With all the hoopla around the new iPad getting a little bit toastier than its predecessor, Dr. Raymond Soneira is in high demand these days. Yesterday, he explained how the demanding Retina display and brightness levels affect the iPad’s run time. Today, he’s back at it, warning the device keeps charging even when it claims to have been filled.
Is this an iOS software flaw akin to a “bug” in cellular signal levels on the iPhone 4 (later fixed with a software update)? Hard to tell. All we know is it keeps charging for as much as an hour after the battery gauge hits the 100 percent mark. This, too, might explain why some people experience shorter run times with the new iPad versus its predecessor…
In a short email interview with Cult of Mac, Soneira explains why folks should keep recharging their new iPad for longer than iOS claims:
I measured the power actually drawn by the AC adapter and found that the new iPad continues to charge for up to 1 hour after it claims to reach 100 percent.This affects the battery run time if you stop charging when it says 100% percent.
It’s unclear whether this issue affects other iOS devices running iOS 5.1. The article says other devices do this as well, but stops short of specifying whether Soniera was referring to other Apple devices or those from other vendors.
Soniera also confirmed his findings to Charles Starrett of iLounge, saying the device continued to draw 10W of power from the included Apple 10W Power Adapter for up to one hour after reaching what is reported by iOS as a full 100 percent charge.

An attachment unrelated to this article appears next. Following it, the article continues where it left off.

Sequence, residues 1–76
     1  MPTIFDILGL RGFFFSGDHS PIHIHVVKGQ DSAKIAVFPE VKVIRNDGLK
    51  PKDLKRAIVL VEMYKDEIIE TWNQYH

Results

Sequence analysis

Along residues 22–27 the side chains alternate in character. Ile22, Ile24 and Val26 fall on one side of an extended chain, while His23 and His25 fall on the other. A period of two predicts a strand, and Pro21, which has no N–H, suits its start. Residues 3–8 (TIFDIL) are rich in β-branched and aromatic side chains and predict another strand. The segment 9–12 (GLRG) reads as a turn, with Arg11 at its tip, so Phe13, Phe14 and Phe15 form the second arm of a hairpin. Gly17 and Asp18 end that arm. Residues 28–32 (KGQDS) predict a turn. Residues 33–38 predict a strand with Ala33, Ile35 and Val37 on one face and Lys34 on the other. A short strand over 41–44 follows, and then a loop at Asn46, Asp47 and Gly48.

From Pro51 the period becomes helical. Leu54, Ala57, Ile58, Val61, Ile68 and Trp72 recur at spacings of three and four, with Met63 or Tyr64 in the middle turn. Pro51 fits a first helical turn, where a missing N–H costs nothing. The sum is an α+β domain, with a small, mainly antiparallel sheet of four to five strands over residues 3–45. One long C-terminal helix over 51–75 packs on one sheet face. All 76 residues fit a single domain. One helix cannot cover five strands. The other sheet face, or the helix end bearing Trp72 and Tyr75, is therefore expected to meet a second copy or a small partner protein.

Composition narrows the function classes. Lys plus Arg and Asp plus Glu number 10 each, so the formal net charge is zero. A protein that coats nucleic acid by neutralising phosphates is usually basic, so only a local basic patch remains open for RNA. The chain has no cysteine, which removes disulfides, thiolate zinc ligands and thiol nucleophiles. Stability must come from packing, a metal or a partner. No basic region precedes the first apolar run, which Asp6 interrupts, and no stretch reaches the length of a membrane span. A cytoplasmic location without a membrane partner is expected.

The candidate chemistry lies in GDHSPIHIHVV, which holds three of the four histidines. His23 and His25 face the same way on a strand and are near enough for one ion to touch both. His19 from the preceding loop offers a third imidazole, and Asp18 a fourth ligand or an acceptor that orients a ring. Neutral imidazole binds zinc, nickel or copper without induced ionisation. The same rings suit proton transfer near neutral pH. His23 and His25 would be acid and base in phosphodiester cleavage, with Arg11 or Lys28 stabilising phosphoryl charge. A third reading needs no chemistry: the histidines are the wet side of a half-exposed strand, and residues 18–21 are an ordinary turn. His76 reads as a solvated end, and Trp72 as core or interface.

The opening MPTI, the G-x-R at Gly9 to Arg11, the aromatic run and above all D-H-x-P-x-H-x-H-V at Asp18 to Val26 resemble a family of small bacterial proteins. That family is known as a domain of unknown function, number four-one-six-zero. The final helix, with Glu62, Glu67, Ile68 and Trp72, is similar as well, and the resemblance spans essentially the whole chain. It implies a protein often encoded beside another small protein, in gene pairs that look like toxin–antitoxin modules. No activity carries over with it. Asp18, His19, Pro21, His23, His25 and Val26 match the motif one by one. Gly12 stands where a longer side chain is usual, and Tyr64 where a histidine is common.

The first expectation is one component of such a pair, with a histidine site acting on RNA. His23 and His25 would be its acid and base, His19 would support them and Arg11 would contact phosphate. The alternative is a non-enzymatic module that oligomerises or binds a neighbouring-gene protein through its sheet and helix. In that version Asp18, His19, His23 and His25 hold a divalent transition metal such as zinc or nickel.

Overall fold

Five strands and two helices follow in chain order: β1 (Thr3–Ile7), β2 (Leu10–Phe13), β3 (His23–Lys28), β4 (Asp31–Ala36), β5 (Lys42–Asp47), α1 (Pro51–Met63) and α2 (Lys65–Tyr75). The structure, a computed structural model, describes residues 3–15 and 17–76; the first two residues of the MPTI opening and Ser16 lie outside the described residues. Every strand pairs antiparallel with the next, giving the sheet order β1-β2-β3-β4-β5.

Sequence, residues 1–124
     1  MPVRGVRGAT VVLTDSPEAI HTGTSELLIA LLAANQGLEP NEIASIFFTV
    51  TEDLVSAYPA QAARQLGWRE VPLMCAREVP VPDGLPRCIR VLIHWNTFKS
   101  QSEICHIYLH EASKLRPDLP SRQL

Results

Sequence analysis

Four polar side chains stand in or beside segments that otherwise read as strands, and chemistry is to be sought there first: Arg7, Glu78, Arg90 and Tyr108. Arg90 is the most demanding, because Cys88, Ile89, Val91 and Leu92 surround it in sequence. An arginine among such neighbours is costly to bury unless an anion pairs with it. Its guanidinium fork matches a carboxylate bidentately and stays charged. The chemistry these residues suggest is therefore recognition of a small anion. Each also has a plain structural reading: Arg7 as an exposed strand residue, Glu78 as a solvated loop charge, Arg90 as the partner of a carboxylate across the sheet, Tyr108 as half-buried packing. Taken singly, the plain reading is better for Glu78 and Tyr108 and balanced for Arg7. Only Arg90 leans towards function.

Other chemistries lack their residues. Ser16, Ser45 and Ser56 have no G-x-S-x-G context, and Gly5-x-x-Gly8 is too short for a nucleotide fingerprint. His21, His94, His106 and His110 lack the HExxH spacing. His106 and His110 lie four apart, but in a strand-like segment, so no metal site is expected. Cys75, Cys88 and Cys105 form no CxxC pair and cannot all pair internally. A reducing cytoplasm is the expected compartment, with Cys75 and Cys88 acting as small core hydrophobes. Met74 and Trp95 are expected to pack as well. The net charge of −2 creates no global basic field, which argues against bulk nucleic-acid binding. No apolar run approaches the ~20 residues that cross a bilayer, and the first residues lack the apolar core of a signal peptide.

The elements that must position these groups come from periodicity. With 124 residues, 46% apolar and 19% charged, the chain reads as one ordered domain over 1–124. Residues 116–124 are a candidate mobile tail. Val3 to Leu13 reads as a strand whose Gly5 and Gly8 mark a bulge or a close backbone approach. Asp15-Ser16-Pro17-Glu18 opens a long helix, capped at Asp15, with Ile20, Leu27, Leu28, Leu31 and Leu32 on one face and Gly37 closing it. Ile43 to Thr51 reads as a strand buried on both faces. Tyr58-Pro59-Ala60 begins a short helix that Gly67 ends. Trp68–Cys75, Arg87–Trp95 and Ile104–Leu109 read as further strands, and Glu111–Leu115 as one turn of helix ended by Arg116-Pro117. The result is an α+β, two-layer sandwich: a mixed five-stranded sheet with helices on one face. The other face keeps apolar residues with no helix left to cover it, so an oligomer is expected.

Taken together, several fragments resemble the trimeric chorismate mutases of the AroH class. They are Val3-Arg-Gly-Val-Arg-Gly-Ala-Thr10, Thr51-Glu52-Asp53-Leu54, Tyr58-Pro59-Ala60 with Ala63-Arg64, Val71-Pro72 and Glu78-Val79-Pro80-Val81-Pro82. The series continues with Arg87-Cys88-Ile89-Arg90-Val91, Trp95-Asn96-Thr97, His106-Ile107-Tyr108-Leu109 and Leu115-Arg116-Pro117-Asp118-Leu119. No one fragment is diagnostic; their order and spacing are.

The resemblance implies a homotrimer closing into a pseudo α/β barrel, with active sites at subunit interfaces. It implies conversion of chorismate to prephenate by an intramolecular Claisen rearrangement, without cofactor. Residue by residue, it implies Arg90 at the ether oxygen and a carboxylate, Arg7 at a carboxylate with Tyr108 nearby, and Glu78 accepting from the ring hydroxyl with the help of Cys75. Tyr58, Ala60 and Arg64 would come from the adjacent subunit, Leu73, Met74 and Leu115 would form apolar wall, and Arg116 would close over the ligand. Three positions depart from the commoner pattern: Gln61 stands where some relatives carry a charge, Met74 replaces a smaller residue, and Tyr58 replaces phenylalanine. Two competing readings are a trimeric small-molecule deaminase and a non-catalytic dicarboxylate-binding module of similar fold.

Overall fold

In iLounge’s own testing, the new iPad “switches from a lightning bolt (‘still charging’) to plug (‘done charging’) battery icon five to ten minutes after reaching 100 percent”.
Notably, iLounge found unusual, non-linear reported battery drain during our numerous battery tests, with the third-generation iPad sometimes reporting a battery loss of just two percent over the first hour of testing, then averaging 10% of loss each hour afterwards while performing the same tasks.
Take into account that Dr. Soneira knows this stuff inside out.
According to his LinkedIn profile, Soneira is president of DisplayMate Technologies Corporation of Amherst, New Hampshire, a company specializing in scrutinizing computer and mobile displays of all flavors.
DisplayMate compared a 2,048-by-1,536 pixel resolution Retina display to those found on other popular smartphones and tablets. They were pretty impressed overall and noted dramatic improvements in sharpness and color saturation on the Retina display, saying “they are now state-of-the-art”.
So there you have it: don’t use full brightness with your new iPad (who does, anyway) and leave the device charging a little longer than iOS says and you’ll be fine.
We’re eager to hear from our readers who own the new iPad about this phenomenon. Did you experience longer run times when leaving the device charging past the 100% prompt?
Meet us in comments.